Where's the beef? House version of the Farm Bill seeks to hide polluting livestock facilities
Posted November 20, 2013
The legislation known as the Farm Bill, which sets agriculture policy and priorities for the nation, is nearing completion on Capitol Hill. Key Representatives and Senators are meeting in what’s called a “conference” committee to reconcile their different versions of the bill. There are many issues being debated, but I’d like to highlight one that you may not have heard of, despite the fact that it’s attempting to hide 300 million tons of potential pollution from public scrutiny.
Section 11325 of the House version of the Farm Bill would prohibit the Environmental Protection Agency from sharing information the agency obtained from “agricultural operations” with the public. The provision is a threat to citizens’ ability to learn about massive waste-producing industrial livestock operations. And though it’d be dangerous enough if it were limited to what it clearly is trying to keep hidden, the provision is so sloppily written that it could hide all manner of things about this industry from the public, and could even require EPA to hide already public information. As the Lincoln (Nebraska) Journal-Star’s editorial board put it, it’s “a step in the wrong direction.” It must not be included in the committee’s final bill.
Industrial livestock operations (also known as "concentrated animal feeding operations" or "CAFOs") generate nasty waste. Animal manure contains bacteria, viruses and other pathogens, as well as organic compounds, heavy metals, antibiotics, pesticides, and hormones. Given that, one would think that sharing information about these facilities would help people better protect themselves and their families from waste that reaches the waterways they care about. Unfortunately, the House's Farm Bill provision goes in the exact opposite direction.
It is also a misguided attempt to fix a non-problem. The measure's proponents will say that it would prevent EPA from disclosing private personal information about farmers in response to requests under the Freedom of Information Act. But the truth of the matter is that FOIA already protects truly private information.
What FOIA doesn’t – and shouldn’t – prevent from release are things like where industrial livestock facilities are located. Ask yourself: if you lived downstream from an animal operation that generated as much waste as a city and that didn’t remove the contaminants from the waste before applying it to fields from which it could run off, wouldn’t you want to know? But the House Farm Bill measure would explicitly bar EPA from making facilities’ location public unless the facility operator agrees to the disclosure.
Without public information about industrial livestock facilities’ locations, people may not know which water bodies could be at risk of pollution when they’re deciding where to fish, swim, or live, or who is responsible when spills do occur.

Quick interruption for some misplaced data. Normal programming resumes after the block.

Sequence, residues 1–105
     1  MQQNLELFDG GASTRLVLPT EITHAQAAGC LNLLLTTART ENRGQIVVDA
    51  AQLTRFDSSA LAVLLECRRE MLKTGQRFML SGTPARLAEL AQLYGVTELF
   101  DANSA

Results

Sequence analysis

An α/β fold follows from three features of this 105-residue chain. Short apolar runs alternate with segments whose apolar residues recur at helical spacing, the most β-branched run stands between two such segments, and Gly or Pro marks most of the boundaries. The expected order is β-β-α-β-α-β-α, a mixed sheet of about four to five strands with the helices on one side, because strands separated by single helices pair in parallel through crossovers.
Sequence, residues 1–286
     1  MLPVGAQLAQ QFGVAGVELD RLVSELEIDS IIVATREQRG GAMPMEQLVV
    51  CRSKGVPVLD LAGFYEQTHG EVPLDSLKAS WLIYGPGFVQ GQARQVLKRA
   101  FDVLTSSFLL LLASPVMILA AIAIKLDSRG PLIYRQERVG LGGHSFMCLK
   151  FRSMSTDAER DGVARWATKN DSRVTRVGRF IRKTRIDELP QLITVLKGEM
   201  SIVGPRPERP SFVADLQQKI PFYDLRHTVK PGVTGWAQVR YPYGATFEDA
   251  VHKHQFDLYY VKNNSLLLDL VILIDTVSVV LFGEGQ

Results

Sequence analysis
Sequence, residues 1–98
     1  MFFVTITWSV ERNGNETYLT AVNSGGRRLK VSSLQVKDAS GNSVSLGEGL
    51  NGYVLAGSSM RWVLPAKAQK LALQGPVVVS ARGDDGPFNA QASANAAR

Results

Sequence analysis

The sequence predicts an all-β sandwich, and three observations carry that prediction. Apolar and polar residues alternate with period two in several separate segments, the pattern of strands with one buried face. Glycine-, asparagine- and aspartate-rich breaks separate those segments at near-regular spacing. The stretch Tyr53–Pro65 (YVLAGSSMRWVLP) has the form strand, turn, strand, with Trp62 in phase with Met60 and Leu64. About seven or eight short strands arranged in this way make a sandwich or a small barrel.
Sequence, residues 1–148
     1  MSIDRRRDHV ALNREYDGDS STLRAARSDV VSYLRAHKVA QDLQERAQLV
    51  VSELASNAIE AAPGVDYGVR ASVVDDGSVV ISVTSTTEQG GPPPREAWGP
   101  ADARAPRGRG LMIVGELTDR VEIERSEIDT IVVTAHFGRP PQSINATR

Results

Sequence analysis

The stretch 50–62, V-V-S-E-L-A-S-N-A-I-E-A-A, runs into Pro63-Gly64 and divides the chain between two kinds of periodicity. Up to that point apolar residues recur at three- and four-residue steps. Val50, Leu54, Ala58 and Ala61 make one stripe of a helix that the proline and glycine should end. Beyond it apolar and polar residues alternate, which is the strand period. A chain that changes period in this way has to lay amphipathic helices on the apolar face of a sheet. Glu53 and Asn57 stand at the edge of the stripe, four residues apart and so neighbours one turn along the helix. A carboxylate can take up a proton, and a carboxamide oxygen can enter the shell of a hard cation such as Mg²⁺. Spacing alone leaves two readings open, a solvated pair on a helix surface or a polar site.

If that weren’t bad enough, the provision would seem to require EPA to remove some information from the public domain that has been available for some time. For example, EPA’s existing Envirofacts database has basic information – including location -- about permitted livestock facilities, along with similar information about sewage treatment plants, various industrial sites, and other operations authorized to discharge to the nation’s waterways. If this provision is included in the Farm Bill, EPA may have to go through all of its permit and other files and remove from public view information that involves livestock producers. This despite the fact that the information has already been public for some time and the various doomsday scenarios that the industry suggests might happen have apparently not come to pass.
Moreover, the House provision limits EPA’s ability to share this information with citizens so much that, in the event a livestock operator reports a waste spill or other public health emergency to EPA, it’s not apparent from the provision that the agency can even warn neighbors that they could be at risk.
Finally, this section is so poorly written that it’s anyone’s guess as to how it will be applied, which should be reason alone not to taint the Farm Bill with it. For one thing, it’s overly broad – it bars the release of “information” in general, “including” certain listed pieces of information. But it doesn’t exclude anything, meaning it could potentially apply to any fact about a particular facility obtained from the operation -- the amount of waste it generates, what the manure management practices are, whether the facility has any past violations of the law, etc. Other terms are similarly vague. Take “agricultural operation” -- as defined by the House, it would include ANY facility that raises an agricultural commodity crop. So, if a chemical manufacturing facility has a rooftop garden, might it qualify to hide its operations from public review?
We shouldn’t carve out a special exemption from important clean water protections for one industry. House and Senate conferees must not include this provision in the final Farm Bill, so that people who live downstream from industrial livestock facilities will continue to be able to exercise their rights to know what their government is doing to protect their families from potentially harmful waste.